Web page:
The gutsy fighter, the dynamite man of yesteryears, is no more, having just passed on with two fat ladies (tambola language) at 88.
Adieu George Fernandes
I first met George Bhai in July 1990, when he was the Railway Minister in the Vajpayee cabinet. I had just been elected as the National President (NP) of the All India Catholic Union (AICU) and was having my baptism by fire in the infamous Gajraula nuns’ rape case. I had called my first meeting of the AICU Working Committee in New Delhi. It was decided that our entire team would go to meet him, as he was the only “Christian” minister. My predecessor in office, George Menezes, knew him well, and fixed the appointment.
The first thing that I noticed when we entered his office was the stacks of files on his table. Was this because he was busy or inefficient? I would like to believe the former. When we broached the subject of the rapes he threw a question back at us. “Why do you get agitated only when nuns are raped? Are there not so many other poor and defenceless women who also get raped? Why don’t you speak up for them too?” He declined to visit Gajraula with our team.
Two days later, accompanied by my Vice President, Paul Mantosh the nominated Anglo Indian MP, Lennie Gonsalves whom I had appointed as National Secretary for Women’s Affairs, and Sr Shalini of the Indian Social Institute, we did visit Gajraula. Paul, who was also of the Janta Dal, threatened to resign from the Lok Sabha if the Govt took no action. The next day he went back to George who together with Paul and Msgr Lucio da Veiga Coutinho, Deputy Secretary General of the Catholic Bishops’ Conference of India, took a special train to meet the victims in Gajraula.
By then I had returned to Kanpur, where an MLA protégé of George had put a lock on our St Joseph’s School, ostensibly because it was an English medium one. The real reason may have been because the MLA, Ganesh Dixit, was not obliged for some admissions. A day later I got a call from Msgr Lucio to rush back to Delhi as there was to be a protest rally at the Boat Club Lawns on 2nd August, followed by a meeting with Prime Minister V.P. Singh. He wanted me to lead the protest as AICU NP and because of my fluency in Hindi.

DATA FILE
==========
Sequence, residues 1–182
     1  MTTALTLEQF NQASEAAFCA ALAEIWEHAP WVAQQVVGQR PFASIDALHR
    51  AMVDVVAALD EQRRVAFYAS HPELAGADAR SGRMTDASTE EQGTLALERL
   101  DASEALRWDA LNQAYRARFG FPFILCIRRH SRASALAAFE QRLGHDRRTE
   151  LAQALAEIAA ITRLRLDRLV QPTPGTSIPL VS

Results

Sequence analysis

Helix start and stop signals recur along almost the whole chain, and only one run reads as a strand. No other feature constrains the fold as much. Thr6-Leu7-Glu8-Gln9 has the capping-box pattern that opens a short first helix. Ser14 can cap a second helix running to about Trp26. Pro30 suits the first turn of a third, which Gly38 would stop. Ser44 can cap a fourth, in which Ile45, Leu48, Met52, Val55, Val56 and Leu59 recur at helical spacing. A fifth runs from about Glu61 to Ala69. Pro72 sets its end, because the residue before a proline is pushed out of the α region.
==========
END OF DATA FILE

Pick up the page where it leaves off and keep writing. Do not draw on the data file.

We met the PM at his residence. He was in a cabinet meeting where they had decided to throw out the Deputy PM Devi Lal. Yet the PM left such an important meeting to see us. In the course of the same I told him about the errant MLA in Kanpur. I was the only one speaking in chaste Hindi, the other members of the delegation all spoke in English. The PM immediately picked up the hotline to Mulayam Singh Yadav, the Chief Minister of U.P., and instructed him to make the MLA apologize to the sisters, which he subsequently did.
Some years later, when George Bhai was visiting Kanpur he sent word that he wanted to visit my house. I sat in his car and gave the “driver” instructions. George laughed, “Don’t you know him?” His back was towards me, and he had put on weight, so I hadn’t recognized him. It was the same errant protégé, Ganesh Dixit.
At my home I interviewed him for our AICU magazine Vishal Jagruti. Both of us had demitted office by then. He patiently answered all my queries. When I asked him if his love for justice stemmed from his Catholic background and seminary training he smiled, but refrained from giving a categorical answer. On the Dalit Christian issue he told me that he had tabled a Private Member’s Bill in parliament. It did not see the light of day.
I have two other personal memories of the man. When both of us were still holding office I had gone to see him at his residence at 3 Krishna Menon Marg. At that time, besides the Railways, he was holding additional charge of Kashmir Affairs. So his house should have had heavy security. Not so. I walked straight into his cluttered sitting room. His old Fiat car was parked outside. I had to wait a little, attended to by Jaya Jaitley, while George was busy washing his clothes in a bucket full of soap suds.
The other memory is of Mumbai in 1994. I was presiding over the Platinum Jubilee celebrations of the AICU. On the occasion we had honoured some community leaders for their contribution to society. The next day I visited George at one of his friend’s house in Breach Candy. Lo and behold, one of the awardees was there. He was the President of the Bombay Taxi Union, and another protégé of George. With my family, we were on our way to see a movie, so I invited him to join us. He laughed and said that it was years since he had seen the inside of a movie theatre.
While penning these thoughts I spoke to Paul Mantosh in Kolkata. He said that George was truly a people’s man, who never liked security guards around him because he always wanted to be accessible to the people. Paul recalls that when he was being tried for sedition in the Baroda dynamite case he was brought to the court in chains. He said that these were the chains in which India was shackled.
George Bhai’s shackles are now broken, for his indomitable spirit to soar free. R.I.P.
* The writer was the National President of the All India Catholic Union from 1990-1994.